The Bills face another difficult test at the receiver spot with Amari Cooper and Michael Crabtree coming to town in Week Eight after dealing with Mike Evans and DeSean Jackson in Week Seven.
Let's examine the Raiders dynamic one-two punch out wide from an advanced-stat perspective.
Pro Football Focus' ultimate receiver efficiency metric is yards per route run.
In 2016, Cooper's yards-per-route-run figure was 1.95, the 21st-highest among 95 qualifying wideouts. Crabtree's was 1.85, good for 31st place.
So far in 2017, Cooper has mustered a YPRR of 1.40, which is currently in 40th out of 83 qualifiers. Before his 210-yard outburst on "Thursday Night Football" in Week Seven against the Chiefs, Cooper had surprisingly disappointed. His YPRR number was just 0.78, the 130th-highest among all receivers in football.
Crabtree has maintained his typical reliability, as his YPRR is 1.98 right now.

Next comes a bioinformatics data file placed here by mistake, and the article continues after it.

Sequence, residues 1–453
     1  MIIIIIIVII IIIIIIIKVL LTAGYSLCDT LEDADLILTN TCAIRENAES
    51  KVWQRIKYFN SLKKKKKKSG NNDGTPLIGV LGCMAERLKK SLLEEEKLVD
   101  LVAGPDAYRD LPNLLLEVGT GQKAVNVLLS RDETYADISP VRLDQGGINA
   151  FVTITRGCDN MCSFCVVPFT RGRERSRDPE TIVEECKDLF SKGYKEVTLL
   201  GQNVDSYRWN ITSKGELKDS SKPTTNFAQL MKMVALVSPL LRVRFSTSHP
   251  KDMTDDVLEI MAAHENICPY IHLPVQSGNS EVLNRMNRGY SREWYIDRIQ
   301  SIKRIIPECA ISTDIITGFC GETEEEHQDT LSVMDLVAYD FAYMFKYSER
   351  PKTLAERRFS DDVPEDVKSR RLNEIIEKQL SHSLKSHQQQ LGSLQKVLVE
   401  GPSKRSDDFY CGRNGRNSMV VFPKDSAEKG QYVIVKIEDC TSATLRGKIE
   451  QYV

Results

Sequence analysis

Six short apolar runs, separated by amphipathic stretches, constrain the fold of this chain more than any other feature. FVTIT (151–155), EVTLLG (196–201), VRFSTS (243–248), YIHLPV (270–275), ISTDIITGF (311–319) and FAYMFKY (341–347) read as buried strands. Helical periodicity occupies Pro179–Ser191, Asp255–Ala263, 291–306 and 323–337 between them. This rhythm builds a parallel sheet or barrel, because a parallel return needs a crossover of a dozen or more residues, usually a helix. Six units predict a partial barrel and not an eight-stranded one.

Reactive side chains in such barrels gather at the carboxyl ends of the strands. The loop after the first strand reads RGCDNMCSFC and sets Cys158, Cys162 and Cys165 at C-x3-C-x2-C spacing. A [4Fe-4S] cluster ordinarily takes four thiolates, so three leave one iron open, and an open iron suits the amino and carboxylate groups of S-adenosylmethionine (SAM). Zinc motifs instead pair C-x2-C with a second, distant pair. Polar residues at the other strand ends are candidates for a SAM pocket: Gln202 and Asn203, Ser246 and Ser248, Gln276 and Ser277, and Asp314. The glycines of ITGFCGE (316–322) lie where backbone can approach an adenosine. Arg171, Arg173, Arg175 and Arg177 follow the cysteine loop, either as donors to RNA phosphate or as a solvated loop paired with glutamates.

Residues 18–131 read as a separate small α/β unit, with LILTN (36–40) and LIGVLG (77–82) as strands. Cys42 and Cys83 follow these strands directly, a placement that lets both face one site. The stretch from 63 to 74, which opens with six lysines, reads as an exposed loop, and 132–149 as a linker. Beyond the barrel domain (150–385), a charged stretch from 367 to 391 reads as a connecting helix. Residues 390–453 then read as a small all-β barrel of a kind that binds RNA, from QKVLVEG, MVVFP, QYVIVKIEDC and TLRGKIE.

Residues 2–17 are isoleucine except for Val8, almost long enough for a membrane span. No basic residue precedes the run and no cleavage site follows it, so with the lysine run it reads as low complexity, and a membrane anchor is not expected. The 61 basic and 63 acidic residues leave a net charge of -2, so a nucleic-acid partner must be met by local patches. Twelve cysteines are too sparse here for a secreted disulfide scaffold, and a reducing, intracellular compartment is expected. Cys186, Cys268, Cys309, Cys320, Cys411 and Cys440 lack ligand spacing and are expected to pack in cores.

Bills wideout Zay Jones has fought drops this season – he currently has been credited with four – but Cooper "leads" the league with nine drops on 52 targets. Crabtree has two on 42 targets.
Oakland's top targets have carved out their own niches during their time with the Raiders. Cooper has become the big-play wideout while Crabtree has been the chain mover. Of his 287 targets since the start of 2015, Crabtree has accounted for 122 first downs via the pass, which equals the 12th-most catches that have gone for first downs. Cooper's been targeted 319 times and accumulated 112 first downs.
Starting in 2015, when Cooper entered the NFL, he's made 42 receptions of 20 or more yards, the fourth-most among all pass-catchers. Only T.Y. Hilton, Julio Jones and Antonio Brown have more during that time frame. Crabtree has 31 receptions of 20-plus yards with the Raiders.
In the upset over the Chiefs, Cooper and Crabtree combined for 14 receptions, 234 yards and the game-winning score from Crabtree on 26 targets.
PFF pinpointed Kansas City as the team that used man coverage most in the NFL – heading into that "Thursday Night Football" contest – at 63.5 percent of its defensive snaps. Crabtree, and especially Cooper, thrived against man coverage against the Chiefs.
Before Week Seven, the Bills utilized man coverage just 31.3 percent of the time.
Buffalo's reliance on zone could help its secondary slow down Oakland's dynamic duo.